American students serve as voice for their country on campus

Following the 2016 American presidential election, New Hampshire native Ashley Riley felt like she became a go-to person on campus to discuss American politics.

“It was a very rare opportunity being in Canada at that time because all of a sudden I became this ambassador for Americans, specifically young middle class Americans,” said Riley.

The world was shocked on Nov. 8, 2016 when celebrity businessman Donald Trump was elected president. Two years later, students are still writing papers and discussing the Trump administration. The United States held their midterm elections on Nov. 6, 2018, striking up conversation once again. For American students, the discussions hit close to home.

Riley, a history major honouring in Great Books, is from Northfield, New Hampshire, a town of about 4,000 people.

“I was a huge fan of Obama. I thought the U.S. was doing a great job at becoming part of the global unity,” said Riley.

“With Trump coming in, it obviously felt like we took a bunch of steps backwards and it was very confusing.”

Riley voted in the first primary election in 2016, but she was unable to vote in the second because she didn’t complete her absentee ballot on time and her town office was closed when she went home.

Although disappointed with the results, Riley understands why Americans made the choice they did.

“I don’t agree with it, but I understand why Americans feel like they needed to take a really radically different approach. They needed a change that hasn’t happened yet, and [they did it] by voting in a non-politician,” said Riley.

Riley is surprised at how well the U.S. is doing despite how she feels about the Trump administration.

“I’m not saying that he’s doing well, but our economy is doing great which I’m very surprised by,” said Riley. “It’s not raining nuclear bombs yet.”

Riley believes the country is at a turning point and that the American population must decide where they’re headed from here.

“The U.S. is at this crossroad of, ‘Do we go more socialist?’, or ‘Do we resort back to the traditional?’ The most successful time in U.S. history was right after [the Second World War] and pretty much all of Europe was destroyed and the U.S. thrived off the war industry.”

Riley worries about the future of the country, knowing the wrong decision could be detrimental.

“There’s a danger of becoming so isolationist again. I worry about our relationships with Canada and Europe and our global relationships. I think that’s where Trump is really going to falter the most,” said Riley.

Jamie Gillies, an associate professor of communications and public policy at STU, said he was surprised by the results of the 2016 election.

“Every model and every poll for the most part showed Hillary Clinton winning the presidency, but there was always a slim chance that Trump could win and his campaign followed the electoral college math and found a path to victory through swing states in the Midwest,” Gillies said in an email.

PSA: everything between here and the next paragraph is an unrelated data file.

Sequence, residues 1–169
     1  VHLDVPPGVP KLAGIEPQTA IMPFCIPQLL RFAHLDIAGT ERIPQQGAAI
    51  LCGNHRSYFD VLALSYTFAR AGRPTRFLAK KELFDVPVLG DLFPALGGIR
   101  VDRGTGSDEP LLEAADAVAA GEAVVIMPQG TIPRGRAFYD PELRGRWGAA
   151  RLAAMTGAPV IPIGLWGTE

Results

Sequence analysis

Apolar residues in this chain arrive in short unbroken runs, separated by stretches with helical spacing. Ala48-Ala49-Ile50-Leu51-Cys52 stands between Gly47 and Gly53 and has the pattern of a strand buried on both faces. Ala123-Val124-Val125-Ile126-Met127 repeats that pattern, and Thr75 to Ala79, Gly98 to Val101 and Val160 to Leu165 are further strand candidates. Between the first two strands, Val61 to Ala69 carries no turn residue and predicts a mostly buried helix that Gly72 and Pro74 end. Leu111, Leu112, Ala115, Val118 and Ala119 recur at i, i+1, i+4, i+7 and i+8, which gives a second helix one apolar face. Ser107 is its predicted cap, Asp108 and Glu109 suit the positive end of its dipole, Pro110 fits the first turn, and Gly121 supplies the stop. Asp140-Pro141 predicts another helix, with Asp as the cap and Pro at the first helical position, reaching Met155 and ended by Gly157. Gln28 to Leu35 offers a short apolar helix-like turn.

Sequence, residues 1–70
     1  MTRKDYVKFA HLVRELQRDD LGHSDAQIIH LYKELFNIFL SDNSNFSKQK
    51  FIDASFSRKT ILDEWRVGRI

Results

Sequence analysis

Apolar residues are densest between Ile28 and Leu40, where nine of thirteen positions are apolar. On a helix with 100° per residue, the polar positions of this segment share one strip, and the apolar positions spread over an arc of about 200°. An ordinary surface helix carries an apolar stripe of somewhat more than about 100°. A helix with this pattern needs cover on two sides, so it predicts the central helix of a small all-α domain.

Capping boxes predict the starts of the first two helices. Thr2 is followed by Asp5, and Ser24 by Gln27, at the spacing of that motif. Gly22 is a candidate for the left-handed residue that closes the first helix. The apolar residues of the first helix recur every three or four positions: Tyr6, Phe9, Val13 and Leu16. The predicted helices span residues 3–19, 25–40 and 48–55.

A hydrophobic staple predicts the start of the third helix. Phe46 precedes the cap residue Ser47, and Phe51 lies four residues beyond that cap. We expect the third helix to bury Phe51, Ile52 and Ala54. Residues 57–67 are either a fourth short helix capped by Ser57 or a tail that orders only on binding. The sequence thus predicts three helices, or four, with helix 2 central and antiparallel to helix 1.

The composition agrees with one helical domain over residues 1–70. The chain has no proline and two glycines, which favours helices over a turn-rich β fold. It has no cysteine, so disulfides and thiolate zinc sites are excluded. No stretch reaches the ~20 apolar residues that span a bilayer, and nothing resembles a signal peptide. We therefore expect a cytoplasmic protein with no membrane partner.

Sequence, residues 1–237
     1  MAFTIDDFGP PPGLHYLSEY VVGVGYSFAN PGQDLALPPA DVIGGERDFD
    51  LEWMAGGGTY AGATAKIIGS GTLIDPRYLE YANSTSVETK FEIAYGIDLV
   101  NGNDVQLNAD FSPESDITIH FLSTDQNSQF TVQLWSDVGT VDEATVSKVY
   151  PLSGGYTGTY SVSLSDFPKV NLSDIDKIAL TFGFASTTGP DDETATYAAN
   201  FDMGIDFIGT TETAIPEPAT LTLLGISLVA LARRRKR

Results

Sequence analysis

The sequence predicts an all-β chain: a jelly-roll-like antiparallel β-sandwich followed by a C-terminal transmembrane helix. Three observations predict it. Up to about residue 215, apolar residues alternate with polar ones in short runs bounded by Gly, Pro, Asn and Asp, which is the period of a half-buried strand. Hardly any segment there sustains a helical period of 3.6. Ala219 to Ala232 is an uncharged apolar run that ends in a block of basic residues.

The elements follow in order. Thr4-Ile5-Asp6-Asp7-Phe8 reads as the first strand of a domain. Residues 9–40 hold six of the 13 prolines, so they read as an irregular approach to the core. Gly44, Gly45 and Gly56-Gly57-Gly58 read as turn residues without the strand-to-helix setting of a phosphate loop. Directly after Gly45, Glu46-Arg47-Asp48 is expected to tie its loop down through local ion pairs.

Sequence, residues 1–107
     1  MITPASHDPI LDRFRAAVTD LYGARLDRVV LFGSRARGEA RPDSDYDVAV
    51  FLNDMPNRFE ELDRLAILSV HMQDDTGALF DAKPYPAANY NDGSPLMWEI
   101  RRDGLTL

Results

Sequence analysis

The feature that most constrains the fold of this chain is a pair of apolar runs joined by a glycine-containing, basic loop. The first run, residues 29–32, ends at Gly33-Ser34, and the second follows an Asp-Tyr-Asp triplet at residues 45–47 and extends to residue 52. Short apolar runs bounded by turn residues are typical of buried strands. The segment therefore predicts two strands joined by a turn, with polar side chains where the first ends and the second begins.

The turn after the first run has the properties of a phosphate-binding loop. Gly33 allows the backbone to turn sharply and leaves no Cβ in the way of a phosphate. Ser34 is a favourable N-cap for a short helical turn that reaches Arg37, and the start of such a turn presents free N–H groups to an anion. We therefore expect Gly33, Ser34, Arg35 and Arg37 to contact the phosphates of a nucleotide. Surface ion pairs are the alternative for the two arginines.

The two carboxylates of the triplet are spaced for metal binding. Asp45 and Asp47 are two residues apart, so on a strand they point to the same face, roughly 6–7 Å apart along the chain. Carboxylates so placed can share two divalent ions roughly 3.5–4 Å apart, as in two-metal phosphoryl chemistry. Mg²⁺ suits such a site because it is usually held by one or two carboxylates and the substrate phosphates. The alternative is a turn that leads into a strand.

Gillies explained the midterm elections as “a referendum on the incumbent presidential administration and the party in power in Washington.”

He said it’s common for a party to lose seats in the midterms, but he was surprised at how many seats the Republicans lost in the 2018 election.

“But in the Republican Party’s case in 2018, the economy was doing quite well, so losing the House can be seen partially as a repudiation of Trump himself, especially as we continue to analyze voting patterns that show that a sizeable group of the public, particularly suburban female voters, switched to the Democrats in these midterms.”

Riley, who voted in the midterms, said the results of the election made her optimistic about where America is headed.

“I am pleasantly surprised by this most recent election because of how historically groundbreaking it was,” Riley said, referencing the election of women and Native American representatives.

“I definitely think that there is a great hope for the future.”

Zachary Hansen, a second-year student at STU, said he wasn’t old enough to vote in 2016, but he watched the elections closely.

“If you’d asked me a few weeks prior, I probably would’ve been surprised if you said Trump won. As the night went on, I saw Trump start winning states and I was like, ‘It makes sense, honestly,’” said Hansen.

Hansen, who is studying history and political science, is from Jacksonville, Florida, a city of about 890,000 people.

Hansen said people need to understand Americans wanted change. He said the country is now divided by those who like Trump and those who don’t.

“It’s either you like Trump or you don’t like Trump. There’s no in between anymore. It’s two extremes. I believe I’m somewhere in the middle,” said Hansen.

Hansen said he often disagrees with who the Trump administration hires.

“A lot of the people [Trump] hires for the administration there are problems with, [people] that are just questionable or don’t have the proper credentials,” said Hansen.

Hansen believes the U.S. needs a third party to soften the divides between Democrats and Republicans.

“America is very divided right now,” he said. “The internet has only amplified it.”

Hansen wasn’t able to vote in the midterm elections due to complications with his voter registration. But he still followed along.

“I’m not surprised the Democrats won the House. They were not going to win the Senate, that’s pretty much a fact,” said Hansen.

Despite being away from home during during this historical time in American politics, Riley believes it  offers her a unique experience.

“I definitely think it’s an interesting time to be a young American studying in Canada.”

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